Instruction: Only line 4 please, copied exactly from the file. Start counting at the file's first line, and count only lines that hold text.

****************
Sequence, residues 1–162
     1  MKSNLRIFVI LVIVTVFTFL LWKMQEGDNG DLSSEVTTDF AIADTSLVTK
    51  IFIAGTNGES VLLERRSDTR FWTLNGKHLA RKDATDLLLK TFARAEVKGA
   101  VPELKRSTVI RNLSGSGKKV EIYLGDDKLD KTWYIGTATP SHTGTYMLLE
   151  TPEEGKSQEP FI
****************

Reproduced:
   101  VPELKRSTVI RNLSGSGKKV EIYLGDDKLD KTWYIGTATP SHTGTYMLLE